New in the Raoul Wallenberg Case
May 12, 2018
Swedish Foreign Minister reviews one-shelf meter of classified documents in the Raoul Wallenberg case for release
By Susanne Berger
We have received news that Berndt Fredriksson, the former head of the Swedish Foreign Ministry's Department of Secrecy has been appointed by the Swedish Foreign Ministry to assist in the review of the documentation that remains currently classified regarding the Raoul Wallenberg case, so that it can now be released, in response to our research application. Mr. Fredriksson indicated that previous statements made by Swedish officials that essentially no records remain classified was a “misunderstanding”. According to Mr. Fredriksson's estimate, altogether about one shelf-meter (hyllmeter) of documents fall into this category. The material apparently encompasses documentation from the Swedish-Russian Working Group of the 1990s and other deposits.
It is impossible to say how significant the documentation will turn out to be for the ongoing inquiry, but it certainly constitutes an interesting and important development. Just as important as the release of these papers will be for Raoul Wallenberg’s family and researchers to obtain access to the various collections we have requested to review within the archive of the Swedish Ministry of Foreign Affairs. We did so in a separate letter sent to Foreign Minister Wallström at the end of March. Our hope now is that other Swedish archives will follow suit and release additional records related to the Wallenberg case from their holdings.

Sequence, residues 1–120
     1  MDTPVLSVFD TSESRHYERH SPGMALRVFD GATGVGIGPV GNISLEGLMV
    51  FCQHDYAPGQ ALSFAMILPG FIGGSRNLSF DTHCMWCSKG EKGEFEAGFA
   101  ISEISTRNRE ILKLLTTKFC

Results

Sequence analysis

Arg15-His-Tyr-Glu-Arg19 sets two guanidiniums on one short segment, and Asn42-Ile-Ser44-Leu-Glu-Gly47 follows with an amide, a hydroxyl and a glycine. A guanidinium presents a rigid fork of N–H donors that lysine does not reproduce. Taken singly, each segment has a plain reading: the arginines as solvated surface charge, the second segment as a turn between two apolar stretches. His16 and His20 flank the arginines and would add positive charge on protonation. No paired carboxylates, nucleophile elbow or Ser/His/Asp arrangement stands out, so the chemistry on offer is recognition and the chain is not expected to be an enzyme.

May 5, 2018
Mikael Oscarsson challenged Swedish Minister of Foreign Affairs to debate the Wallenberg case
By Susanne Berger
Last month, Mikael Oscarsson a member of the Swedish Riksdag, challenged Margot Wallström, Swedish Minister of Foreign Affairs, to a debate in Parliament. Oscarsson posed two questions: Does documentation regarding the Wallenberg case remain classified in the archives of the Swedish government, and especially those of the Ministry of Foreign Affairs? And what consultations has the Swedish government conducted with Russian authorities regarding the Raoul Wallenberg case over the last decades?
In her reply, Foreign Minister Wallström indicated that while all documentation up until 1971 have been declassified, a set of records remain classified in the Wallenberg case for the years 1971 - 2018. She cited "Swedish interests" and "foreign relations" as reasons for the continued secrecy. Ms Wallström did not directly answer Mr. Oscarsson's second question but stressed that the Swedish government "will continue to work to ensure the utmost clarity in the matter of Raoul Wallenberg's fate. We do this in our contacts with Russia, for example. Contacts with Russia about Raoul Wallenberg in the last decades have intended to obtain additional information on outstanding issues and to achieve the greatest possible openness from the Russian side."
During the ensuing discussion, Mr. Oscarsson repeatedly asked Foreign Minister Wallström when the Swedish Foreign Ministry last had officially asked the Russian government for full clarification about the identity of Prisoner no.7 and for declassification of the relevant entries in the interrogation registers of the Internal (Lubyanka) Prison. [Prisoner no. 7 was interrogated for 16 1/2 hours on July 23, 1947, together with Raoul Wallenberg's driver Vilmos Langfelder. Archivists of the Russian State Security Service (FSB) stated in 2009 that this prisoner "with great likelihood was the Swedish diplomat Raoul Wallenberg." If true, it would mean Raoul Wallenberg was alive six days after his official death date of July 17, 1947, provided by Soviet/Russian authorities]